Prices have stabilized and even started increasing in the futures curve. Now it's time to get back to work.
Commodity prices comprise an equal half of the equation for oil company revenues. The dramatic and painful drops in spot prices over the last years captured headlines, but the more fundamental change in mid to longer term prices slowly evolved. While the contango persisted, its magnitude and slope diminished as expectations of recovery dragged out and down. New production was deferred, at least some, in hope and faith for the return of higher prices. That time has now come since current prices have mostly converged with expectations of the future.
By May and early June, both oil and gas prices reached levels very near the medium term forward strip. NGLs also rallied. While there has been some retreat in spot prices since that time, the out years of the futures curves have continued to increase in the last two months. Oil is up over 15% above its nadir, and gas is up even more. The chart below shows the maximum value in the futures curves for oil and gas over the last couple of years.
Starting in February by "terrorist" sabotage in Nigeria and mainly sustained by the same kinds of interference, oil spot price nearly doubled over a few months' time, even despite supply growth from important quarters. Shyly and quietly, gas has made its own bull run in the last half year equal to, if independent from, that of oil. The current one is the most sustained rally seen in long-term expectations in years.
Besides the "voting" in the futures market, analytical procedures like those of the EIA and IEA estimate a fundamentally consistent future price for oil. The EIA's econometric models for short term outlook suggest modest contango into the future as shown below.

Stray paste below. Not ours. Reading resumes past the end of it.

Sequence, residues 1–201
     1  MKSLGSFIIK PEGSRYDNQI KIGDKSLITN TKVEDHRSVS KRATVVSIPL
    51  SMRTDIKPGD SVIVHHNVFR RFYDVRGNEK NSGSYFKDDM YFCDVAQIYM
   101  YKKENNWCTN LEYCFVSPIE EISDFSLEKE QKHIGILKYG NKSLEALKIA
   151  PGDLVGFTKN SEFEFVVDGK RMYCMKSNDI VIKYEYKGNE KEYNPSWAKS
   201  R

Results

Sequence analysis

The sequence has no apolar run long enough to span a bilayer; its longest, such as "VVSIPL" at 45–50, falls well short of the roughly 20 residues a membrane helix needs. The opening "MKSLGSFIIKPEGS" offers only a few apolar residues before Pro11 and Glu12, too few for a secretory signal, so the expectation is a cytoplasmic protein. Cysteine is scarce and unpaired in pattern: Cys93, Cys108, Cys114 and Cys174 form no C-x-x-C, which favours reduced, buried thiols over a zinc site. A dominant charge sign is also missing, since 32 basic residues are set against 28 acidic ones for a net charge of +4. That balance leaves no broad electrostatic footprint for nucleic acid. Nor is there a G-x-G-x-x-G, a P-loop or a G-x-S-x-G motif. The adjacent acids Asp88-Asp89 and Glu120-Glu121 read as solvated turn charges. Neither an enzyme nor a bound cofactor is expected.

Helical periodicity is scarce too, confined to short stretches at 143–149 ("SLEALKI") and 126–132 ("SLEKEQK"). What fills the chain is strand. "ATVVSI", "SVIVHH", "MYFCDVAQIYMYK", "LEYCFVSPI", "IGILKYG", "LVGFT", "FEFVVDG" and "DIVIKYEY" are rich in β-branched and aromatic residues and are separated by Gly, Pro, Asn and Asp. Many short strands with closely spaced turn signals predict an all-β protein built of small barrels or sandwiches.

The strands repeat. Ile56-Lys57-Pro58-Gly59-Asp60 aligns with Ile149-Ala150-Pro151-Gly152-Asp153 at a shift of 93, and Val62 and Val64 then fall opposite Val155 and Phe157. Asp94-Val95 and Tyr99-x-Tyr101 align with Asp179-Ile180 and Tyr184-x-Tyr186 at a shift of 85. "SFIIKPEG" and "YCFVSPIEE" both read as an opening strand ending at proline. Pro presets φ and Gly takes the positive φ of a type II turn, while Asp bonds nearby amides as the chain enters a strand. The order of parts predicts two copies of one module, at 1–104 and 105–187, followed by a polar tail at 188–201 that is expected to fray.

From several sides, the overall outlook on near and far prices seems much better than it has in years, and the effects of the convergence of price expectations on rig count was fast. Starting in late May, rig counts turned up as well. By last Friday, total rig count was up 14% over its bottom, and all of that oil-directed. Oil rigs are even returning to plays like Niobrara and Woodford in addition to the Trinity (Permian, Bakken, Eagle Ford).
Prices are now about as high as we can expect them to be in the foreseeable future. They will, of course, remain volatile for a while, but that isn't necessarily bad. Volatility creates opportunity for opportunists while hedging creates safety for conservative players. As demonstrated by the recent uptick in rig count, it is time to get back to the business of the other half of revenues -- production.
It will be interesting to see how quickly and how effectively the supply responds to the price signal; supply might even overcompensate and send prices back down. What do you think will happen? Will we bring on too much supply or too little in the rest of 2016?
See this post on my LinkedIn page.